The Office of War Information took over VOA's operations when it was formed in mid 1942. The VOA reached an agreement with the British Broadcasting Corporation to share medium-wave transmitters in Britain, and expanded into Tunis in North Africa and Palermo and Bari, Italy as the Allies captured these territories. The OWI also set up the American Broadcasting Station in Europe.[17]

Asian transmissions started with one transmitter in California in 1941; services were expanded by adding transmitters in Hawaii and, after recapture, the Philippines.[18]

By the end of the war, VOA had 39 transmitters and provided service in 40 languages.[19] Programming was broadcast from production centers in New York and San Francisco, with more than 1,000 programs originating from New York. Programming consisted of music, news, commentary, and relays of U.S. domestic programming, in addition to specialized VOA programming.[20]

About half of VOA's services, including the Arabic service, were discontinued in 1945.[21] In late 1945, VOA was transferred to the Department of State.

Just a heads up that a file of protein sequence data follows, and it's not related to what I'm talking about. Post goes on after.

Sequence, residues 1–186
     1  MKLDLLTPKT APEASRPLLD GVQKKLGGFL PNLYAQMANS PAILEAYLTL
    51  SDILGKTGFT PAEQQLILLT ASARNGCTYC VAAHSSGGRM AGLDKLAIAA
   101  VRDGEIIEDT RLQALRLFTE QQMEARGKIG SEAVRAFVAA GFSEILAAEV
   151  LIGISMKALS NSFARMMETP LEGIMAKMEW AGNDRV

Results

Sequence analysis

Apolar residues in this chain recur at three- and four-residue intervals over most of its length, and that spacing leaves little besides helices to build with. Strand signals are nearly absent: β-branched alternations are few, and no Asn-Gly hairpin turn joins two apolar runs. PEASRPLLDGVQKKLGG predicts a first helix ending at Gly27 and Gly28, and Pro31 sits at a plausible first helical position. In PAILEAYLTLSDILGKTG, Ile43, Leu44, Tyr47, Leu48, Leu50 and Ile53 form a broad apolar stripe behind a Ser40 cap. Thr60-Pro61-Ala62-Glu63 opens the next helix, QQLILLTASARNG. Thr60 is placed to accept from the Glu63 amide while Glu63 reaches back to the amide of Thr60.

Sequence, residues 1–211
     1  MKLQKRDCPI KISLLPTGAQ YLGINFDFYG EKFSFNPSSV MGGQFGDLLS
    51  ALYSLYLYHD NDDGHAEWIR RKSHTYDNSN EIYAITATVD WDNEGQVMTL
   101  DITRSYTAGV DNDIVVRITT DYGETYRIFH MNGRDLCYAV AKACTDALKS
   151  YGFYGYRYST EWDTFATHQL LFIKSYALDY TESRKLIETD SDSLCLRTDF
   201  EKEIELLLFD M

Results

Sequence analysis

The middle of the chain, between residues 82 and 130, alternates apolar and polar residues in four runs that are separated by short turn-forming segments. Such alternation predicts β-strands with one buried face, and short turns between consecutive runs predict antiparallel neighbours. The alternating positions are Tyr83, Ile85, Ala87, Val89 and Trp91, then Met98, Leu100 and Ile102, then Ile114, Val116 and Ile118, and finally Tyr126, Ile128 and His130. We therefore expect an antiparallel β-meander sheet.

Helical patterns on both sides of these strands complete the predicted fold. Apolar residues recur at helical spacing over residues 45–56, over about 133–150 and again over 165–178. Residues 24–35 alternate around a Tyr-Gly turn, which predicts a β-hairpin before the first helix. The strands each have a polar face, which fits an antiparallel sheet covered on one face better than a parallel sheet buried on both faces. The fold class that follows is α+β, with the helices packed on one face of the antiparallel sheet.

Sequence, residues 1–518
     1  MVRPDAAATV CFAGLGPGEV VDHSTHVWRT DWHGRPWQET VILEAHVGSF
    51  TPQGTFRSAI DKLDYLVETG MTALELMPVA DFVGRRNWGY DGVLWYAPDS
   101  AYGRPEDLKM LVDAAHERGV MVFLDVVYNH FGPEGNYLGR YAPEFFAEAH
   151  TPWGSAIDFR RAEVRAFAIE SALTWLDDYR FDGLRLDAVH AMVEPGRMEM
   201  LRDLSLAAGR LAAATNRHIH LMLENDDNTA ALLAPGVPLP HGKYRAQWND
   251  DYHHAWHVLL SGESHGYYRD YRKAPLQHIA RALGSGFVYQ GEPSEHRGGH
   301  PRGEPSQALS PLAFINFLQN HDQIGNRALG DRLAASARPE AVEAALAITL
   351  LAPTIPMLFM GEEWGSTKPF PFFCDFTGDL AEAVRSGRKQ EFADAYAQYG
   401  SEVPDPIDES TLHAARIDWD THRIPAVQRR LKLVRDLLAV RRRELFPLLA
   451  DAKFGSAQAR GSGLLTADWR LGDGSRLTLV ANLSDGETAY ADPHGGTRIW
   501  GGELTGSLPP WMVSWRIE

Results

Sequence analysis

The Cold War[edit]

In 1947, VOA started broadcasting to the Soviet citizens in Russian under the pretext of countering "more harmful instances of Soviet propaganda directed against American leaders and policies" on the part of the internal Soviet Russian-language media, according to "Cold War Propaganda" by John B. Whitton.[22] The Soviet Union responded by initiating electronic jamming of VOA broadcasts on April 24, 1949.[22]

Charles W. Thayer headed VOA in 1948–49.

Over the next few years, U.S. government debated the best role of the Voice of America. The decision was made to use VOA broadcasts as a part of its Foreign Policy to fight the propaganda of the Soviet Union and other countries.

The Arabic service resumed on January 1, 1950, with a half-hour program. This program grew to 14.5 hours daily during the Suez Crisis of 1956, and was 6 hours a day by 1958.[23]